Why has nobody done the orgasmatron (Sleeper 1973)

wild chicken said...

Now this is scary.

Apple eyed the old Walkman market and came up with ipod.

Then it was the cell phone/digital asst market to make iphone. Then improved on Kindle to make ipad. Then the fitness heart rate monitors to make Apple watch.

All existing gadgetry but more functional. Genius!

We'll all be in virtual worlds soon. As predicted by Zap Comix. Be a spy! Be a whore! Be a dictator! Rule the world!

We're almost there.

pacwest said...

Rumored, not confirmed, display for the Apple HMD is 4K. Twice the resolution of Meta's Quest2, but the AR is what will really set it apart from the competition. At $3K it better be special.

Kate said...

Have they overcome the vertigo problem? Most of us get motion sick with a virtual headset.

And, I remember Mark Kern (team lead on WoW) once saying that he's tested a lot of VR equipment. For a few days it's fascinating, and then his brain rewires and the reality becomes mundane.

Let me guess. The NYT didn't delve that far into the topic.

madAsHell said...

How is virtual reality any different than transgender madness??

Bruce Hayden said...

Apple is going nowhere there. Since they lost Steve Jobs, they have lost strategic vision. They are little different from GM or Ford in that respect. Ok, those two companies don’t invent anything anymore, but instead force their suppliers to do the inventing, then try to steal the inventions with joint development agreements, which they are happy to sign, to stay their suppliers. Apple really doesn’t innovate anymore, just engages in incremental tweaking, larding their products with more, mostly unnecessary, functionality that someone else invented. Of course, they aren’t alone - Microsoft is further along down this road, with each generation of their products less robust, because of the continually added lard. Apple engineers are institutionally incapable of this sort of innovation.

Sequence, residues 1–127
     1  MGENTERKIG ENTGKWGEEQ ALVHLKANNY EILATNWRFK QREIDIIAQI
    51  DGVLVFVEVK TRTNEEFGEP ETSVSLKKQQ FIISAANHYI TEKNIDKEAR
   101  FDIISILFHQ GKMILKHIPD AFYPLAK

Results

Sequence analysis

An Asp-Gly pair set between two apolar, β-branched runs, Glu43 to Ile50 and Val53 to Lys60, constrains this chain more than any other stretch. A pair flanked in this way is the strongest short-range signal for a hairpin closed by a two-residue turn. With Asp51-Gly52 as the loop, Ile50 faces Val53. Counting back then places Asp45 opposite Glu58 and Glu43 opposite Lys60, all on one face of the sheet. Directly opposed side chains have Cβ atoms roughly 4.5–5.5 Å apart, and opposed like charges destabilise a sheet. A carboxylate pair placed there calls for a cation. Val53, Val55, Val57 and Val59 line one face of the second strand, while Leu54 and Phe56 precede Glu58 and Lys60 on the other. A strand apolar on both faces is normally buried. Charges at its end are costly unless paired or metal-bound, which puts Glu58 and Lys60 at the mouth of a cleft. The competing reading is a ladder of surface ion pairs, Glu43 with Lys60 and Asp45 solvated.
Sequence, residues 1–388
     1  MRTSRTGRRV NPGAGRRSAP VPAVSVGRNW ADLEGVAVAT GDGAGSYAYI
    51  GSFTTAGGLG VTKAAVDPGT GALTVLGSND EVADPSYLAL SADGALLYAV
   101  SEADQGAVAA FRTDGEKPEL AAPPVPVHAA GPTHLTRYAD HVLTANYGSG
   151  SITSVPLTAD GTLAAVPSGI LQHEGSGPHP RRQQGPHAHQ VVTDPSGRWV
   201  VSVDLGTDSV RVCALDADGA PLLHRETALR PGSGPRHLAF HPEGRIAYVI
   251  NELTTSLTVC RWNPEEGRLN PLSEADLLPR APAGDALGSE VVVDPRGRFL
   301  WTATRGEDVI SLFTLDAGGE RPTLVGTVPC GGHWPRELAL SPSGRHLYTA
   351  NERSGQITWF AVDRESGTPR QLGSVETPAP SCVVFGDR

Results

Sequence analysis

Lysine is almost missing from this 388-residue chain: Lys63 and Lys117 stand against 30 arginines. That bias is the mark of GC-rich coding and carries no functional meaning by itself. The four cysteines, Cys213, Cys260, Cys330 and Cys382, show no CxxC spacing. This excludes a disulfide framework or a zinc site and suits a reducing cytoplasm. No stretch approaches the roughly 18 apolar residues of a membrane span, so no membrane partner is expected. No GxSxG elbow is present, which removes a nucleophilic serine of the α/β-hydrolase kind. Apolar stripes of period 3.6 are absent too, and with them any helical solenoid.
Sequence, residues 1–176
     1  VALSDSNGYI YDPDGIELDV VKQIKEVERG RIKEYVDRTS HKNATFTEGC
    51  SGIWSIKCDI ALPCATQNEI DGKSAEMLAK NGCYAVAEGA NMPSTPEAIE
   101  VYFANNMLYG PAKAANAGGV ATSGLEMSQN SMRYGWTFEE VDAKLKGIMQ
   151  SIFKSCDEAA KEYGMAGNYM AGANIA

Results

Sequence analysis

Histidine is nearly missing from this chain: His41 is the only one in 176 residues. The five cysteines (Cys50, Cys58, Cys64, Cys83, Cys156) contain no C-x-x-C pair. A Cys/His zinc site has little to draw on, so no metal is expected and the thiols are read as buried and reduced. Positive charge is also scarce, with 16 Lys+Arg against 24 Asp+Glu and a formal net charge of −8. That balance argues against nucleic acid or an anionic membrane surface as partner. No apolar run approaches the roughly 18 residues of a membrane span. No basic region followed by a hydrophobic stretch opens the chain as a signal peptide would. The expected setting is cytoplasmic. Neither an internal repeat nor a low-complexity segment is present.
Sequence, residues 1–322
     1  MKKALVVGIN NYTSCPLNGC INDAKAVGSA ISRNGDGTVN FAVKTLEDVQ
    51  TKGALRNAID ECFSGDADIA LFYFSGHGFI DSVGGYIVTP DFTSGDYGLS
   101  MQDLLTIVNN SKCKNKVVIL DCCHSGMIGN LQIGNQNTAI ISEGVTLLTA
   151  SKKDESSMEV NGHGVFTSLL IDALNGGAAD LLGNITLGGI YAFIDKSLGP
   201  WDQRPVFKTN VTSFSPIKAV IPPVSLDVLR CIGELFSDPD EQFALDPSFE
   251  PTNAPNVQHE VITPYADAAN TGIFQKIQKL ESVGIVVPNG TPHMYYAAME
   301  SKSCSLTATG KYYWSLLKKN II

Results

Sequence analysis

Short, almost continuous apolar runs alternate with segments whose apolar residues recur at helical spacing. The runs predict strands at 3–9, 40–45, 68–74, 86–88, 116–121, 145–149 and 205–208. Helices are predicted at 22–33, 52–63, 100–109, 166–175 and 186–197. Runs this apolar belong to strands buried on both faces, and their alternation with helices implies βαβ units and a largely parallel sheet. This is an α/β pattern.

gilbar said...

The forthcoming product is a headset that will cost about $3,000.
i could go on five guide trips on the North Platte for $3,000 and have money left over.

Can the 'metaverse' give me a neat sunburn? What about getting trout slime all over me?
For that matter, what about lunch?

metaverse.. to quote Cher Horowitz; Ugh! As If!

Sebastian said...

"I will take ugly reality over happy fantasy every time."

But the Althouse theorem that people don't believe what they profess to believe tells us it ain't so.

Revealed preferences do as well: millions took the happy fantasy of Moderate Joe over the ugly reality of dementia and prog destruction, millions self-medicate on a daily basis with pot, cocaine, and fentanyl in delusions of happy fantasy, and the trans cult promotes the happy fantasy of mutilated kids leading happy lives over the ugly reality of sex.

Scott Patton said...

I'm looking forward to useful augmented reality.

Blackbeard said...

Apple has a successful history of developing products before there are much in the way of applications for those products. A few early adopters will buy them anyway and then the developers will follow. I remember when the first iPhones came out and "experts" laughed, saying "Who needs a combination telephone/iPod." Who is laughing now?

Although I do agree that the $3K price is a bit steep.

rehajm said...

Have they overcome the vertigo problem? Most of us get motion sick with a virtual headset.

I’m working with a major auto company who is talking about vr and ar in the car to improve productivity and counter the effects of motion sickness. How the heck is that supposed to work?

Assistant Village Idiot said...